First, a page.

The third amended complaint, tendered for filing with the motion for leave to file, did not change in any respect the substantive allegations setting forth plaintiffs' claim. The court granted the motion for leave to file the third amended complaint on June 17, 1963, and on the same day denied defendants' motions to vacate and dismiss. Defendants appealed from the order denying their motions to vacate and set aside the judgment and dismiss the complaint, and granting plaintiffs leave to amend.
The argument of appellants was that the complaint did not allege nor did the evidence prove diversity jurisdiction and that the judgment was therefore void for lack of jurisdiction. Appellants further contended that the court had no jurisdiction to grant plaintiffs leave to file their third amended complaint and that they can raise the jurisdictional question at any time.
We think that the broad allegations of the complaint were sufficient to confer jurisdiction upon the District Court. Diversity of citizenship and amount were alleged although the principal offices of the defendants were not specifically set forth. It was not claimed here that the principal office of Federal Insurance Company was in Kentucky. If Terry & Wright, Inc. were dismissed from the case there would then be no question that even diversity jurisdiction existed. Appellees are willing to dismiss this defendant if the Court finds it necessary to establish jurisdiction. We think jurisdiction exists even though said defendant remains in the case. More important than the allegations in the complaint concerning diversity of citizenship were the allegations that the contract for the construction of the dam and spillway was with the United States, and that the bond was executed to guarantee the performance of that contract and the payment of all bills for labor and material furnished in connection therewith. In our opinion, these general allegations were sufficient to invoke jurisdiction under the Miller Act without the necessity of referring to the Act by name.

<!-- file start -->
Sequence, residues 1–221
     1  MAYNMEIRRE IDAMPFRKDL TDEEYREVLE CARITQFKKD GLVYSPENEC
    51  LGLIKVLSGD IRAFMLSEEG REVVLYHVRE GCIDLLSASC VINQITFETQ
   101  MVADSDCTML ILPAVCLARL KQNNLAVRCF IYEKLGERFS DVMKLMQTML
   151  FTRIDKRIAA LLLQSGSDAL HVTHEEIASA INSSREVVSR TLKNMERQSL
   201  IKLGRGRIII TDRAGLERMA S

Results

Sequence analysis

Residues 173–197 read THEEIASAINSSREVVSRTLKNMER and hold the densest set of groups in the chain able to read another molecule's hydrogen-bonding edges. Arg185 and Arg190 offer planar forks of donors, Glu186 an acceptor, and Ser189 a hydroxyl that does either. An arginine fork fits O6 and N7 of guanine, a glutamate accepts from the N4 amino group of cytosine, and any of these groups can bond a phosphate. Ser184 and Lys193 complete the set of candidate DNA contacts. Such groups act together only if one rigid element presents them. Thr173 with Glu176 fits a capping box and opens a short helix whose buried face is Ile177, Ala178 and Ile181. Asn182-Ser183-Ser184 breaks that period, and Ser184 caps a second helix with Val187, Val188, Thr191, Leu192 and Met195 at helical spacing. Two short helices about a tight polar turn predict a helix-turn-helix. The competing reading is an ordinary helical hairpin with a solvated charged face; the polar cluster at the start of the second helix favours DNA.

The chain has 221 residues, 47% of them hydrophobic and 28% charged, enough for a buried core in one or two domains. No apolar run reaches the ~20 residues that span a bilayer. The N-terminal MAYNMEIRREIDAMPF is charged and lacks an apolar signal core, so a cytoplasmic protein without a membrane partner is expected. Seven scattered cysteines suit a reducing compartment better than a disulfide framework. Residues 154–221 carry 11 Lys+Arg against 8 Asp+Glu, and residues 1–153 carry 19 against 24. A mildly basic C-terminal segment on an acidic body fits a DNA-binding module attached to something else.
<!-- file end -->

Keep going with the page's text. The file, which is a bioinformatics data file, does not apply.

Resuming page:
It is true that the name of the United States does not appear in the caption of the complaint, but the caption is not regarded as containing any part of plaintiffs' claim. We must look to the allegations of the complaint in order to determine the nature of plaintiffs' cause of action. State of Ohio, ex rel. Seney v. Swift & Co., 270 F. 141, 147 (CA 6). There it clearly appears to be a claim cognizable under the Miller Act.